Another great tool from Babak Farrokhi is dnstraceroute. It is part of the DNSDiag toolkit from which I already showed the dnsping feature. With dnstraceroute you can verify whether a DNS request is indeed answered by the correct DNS server destination or whether a man-in-the-middle has spoofed/hijacked the DNS reply. It works by using the traceroute trick by incrementing the TTL value within the IP header from 1 to 30.
Beside detecting malicious DNS spoofing attacks, it can also be used to verify security features such as DNS sinkholing. I am showing the usage as well as a test case for verifying a sinkhole feature.
Continue reading Detect DNS Spoofing: dnstraceroute
I really love ping! It is easy to use and directly reveals whether the network works or not. Refer to Why Ping is no Security Flaw! (But your Friend) and Advanced Tracerouting. At least outgoing pings (from trust to untrust) should be allowed without any security concerns. However, many companies are denying these ICMP echo-requests from untrust into the DMZ which makes it difficult to test whether all servers are up and running.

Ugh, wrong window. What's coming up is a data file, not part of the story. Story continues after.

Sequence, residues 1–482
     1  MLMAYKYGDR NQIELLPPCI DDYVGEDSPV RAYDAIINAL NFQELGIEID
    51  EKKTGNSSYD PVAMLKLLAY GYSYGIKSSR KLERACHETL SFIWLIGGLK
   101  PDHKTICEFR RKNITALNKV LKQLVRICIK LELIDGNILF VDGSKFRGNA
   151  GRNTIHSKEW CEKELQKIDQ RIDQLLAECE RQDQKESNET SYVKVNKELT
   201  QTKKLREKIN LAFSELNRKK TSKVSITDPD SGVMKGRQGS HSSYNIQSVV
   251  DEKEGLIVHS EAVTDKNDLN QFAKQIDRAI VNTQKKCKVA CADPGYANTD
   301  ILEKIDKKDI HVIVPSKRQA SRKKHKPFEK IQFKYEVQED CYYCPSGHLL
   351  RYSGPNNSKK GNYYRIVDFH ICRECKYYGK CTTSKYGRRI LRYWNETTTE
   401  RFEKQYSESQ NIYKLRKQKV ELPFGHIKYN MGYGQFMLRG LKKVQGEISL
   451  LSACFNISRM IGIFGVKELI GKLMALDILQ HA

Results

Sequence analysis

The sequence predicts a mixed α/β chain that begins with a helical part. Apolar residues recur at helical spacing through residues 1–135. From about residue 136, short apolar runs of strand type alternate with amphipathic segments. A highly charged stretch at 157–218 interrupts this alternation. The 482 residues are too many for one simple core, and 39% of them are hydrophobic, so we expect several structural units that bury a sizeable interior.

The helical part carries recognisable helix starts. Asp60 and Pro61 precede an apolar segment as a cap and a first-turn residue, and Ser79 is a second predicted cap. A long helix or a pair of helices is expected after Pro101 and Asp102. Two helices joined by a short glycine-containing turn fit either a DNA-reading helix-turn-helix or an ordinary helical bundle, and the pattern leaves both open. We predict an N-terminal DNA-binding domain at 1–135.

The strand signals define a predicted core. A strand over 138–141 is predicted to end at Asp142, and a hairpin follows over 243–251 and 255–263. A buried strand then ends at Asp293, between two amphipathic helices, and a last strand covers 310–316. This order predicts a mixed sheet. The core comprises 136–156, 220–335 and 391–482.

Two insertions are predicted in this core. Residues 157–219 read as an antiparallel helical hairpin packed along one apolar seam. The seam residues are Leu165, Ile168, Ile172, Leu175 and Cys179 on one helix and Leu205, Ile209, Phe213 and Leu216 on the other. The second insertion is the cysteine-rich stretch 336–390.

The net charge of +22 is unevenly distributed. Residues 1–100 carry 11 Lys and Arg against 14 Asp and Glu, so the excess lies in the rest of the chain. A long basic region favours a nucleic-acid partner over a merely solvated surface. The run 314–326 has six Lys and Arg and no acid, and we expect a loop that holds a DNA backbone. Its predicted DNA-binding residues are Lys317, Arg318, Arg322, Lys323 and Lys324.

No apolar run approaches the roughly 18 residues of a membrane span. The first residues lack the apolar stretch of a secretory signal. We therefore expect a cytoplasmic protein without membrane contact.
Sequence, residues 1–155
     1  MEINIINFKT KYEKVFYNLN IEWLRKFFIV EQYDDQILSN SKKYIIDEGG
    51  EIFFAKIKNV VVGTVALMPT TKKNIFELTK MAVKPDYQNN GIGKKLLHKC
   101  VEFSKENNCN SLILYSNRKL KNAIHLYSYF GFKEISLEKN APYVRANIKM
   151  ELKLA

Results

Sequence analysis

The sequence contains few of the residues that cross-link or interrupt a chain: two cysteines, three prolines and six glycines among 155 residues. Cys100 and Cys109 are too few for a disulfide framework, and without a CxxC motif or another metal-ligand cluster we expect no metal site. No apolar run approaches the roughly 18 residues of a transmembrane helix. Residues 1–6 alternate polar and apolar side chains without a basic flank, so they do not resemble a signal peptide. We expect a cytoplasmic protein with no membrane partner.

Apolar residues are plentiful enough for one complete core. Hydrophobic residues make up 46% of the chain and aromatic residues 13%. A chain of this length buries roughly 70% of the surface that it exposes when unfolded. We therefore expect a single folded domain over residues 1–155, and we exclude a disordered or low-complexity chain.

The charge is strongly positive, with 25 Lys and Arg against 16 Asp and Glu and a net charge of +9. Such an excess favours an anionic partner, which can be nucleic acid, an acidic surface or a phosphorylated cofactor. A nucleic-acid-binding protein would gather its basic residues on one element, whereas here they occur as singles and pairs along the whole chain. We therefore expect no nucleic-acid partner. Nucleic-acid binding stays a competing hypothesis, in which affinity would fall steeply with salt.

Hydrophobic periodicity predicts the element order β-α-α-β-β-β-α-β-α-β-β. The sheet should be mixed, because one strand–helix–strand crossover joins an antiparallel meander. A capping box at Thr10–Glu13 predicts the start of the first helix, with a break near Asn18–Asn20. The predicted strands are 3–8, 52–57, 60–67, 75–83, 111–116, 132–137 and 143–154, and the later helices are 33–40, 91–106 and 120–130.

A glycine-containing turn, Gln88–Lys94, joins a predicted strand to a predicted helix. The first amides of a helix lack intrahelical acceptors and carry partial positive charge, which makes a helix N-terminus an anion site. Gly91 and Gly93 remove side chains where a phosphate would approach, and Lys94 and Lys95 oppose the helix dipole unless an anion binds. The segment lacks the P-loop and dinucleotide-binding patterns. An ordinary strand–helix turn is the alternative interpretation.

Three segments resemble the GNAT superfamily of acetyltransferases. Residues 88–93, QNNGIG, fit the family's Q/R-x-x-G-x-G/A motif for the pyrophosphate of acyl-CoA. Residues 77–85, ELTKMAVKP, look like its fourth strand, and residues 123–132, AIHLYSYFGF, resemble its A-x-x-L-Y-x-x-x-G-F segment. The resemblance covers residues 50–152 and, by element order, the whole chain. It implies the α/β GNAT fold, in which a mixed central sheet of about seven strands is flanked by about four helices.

I was sitting at the customer’s site replacing the DMZ firewall. Of course I wanted to know (from the outside) whether all servers are connected correctly (NAT) and whether the firewall permits the connections (policy). However, ping was not allowed. Therefore I used several layer 7 ping tools that generate HTTP, DNS, or SMTP sessions (instead of ICMP echo-requests) and revealed whether the services (and not only the servers) were running. Great!
This post shows the installation and usage of httping, dnsping, and smtpping on a Linux machine, in my case a Ubuntu server 14.04.4 LTS, as well as some Wireshark screenshots from captured sessions.
Continue reading Advanced Ping: httping, dnsping, smtpping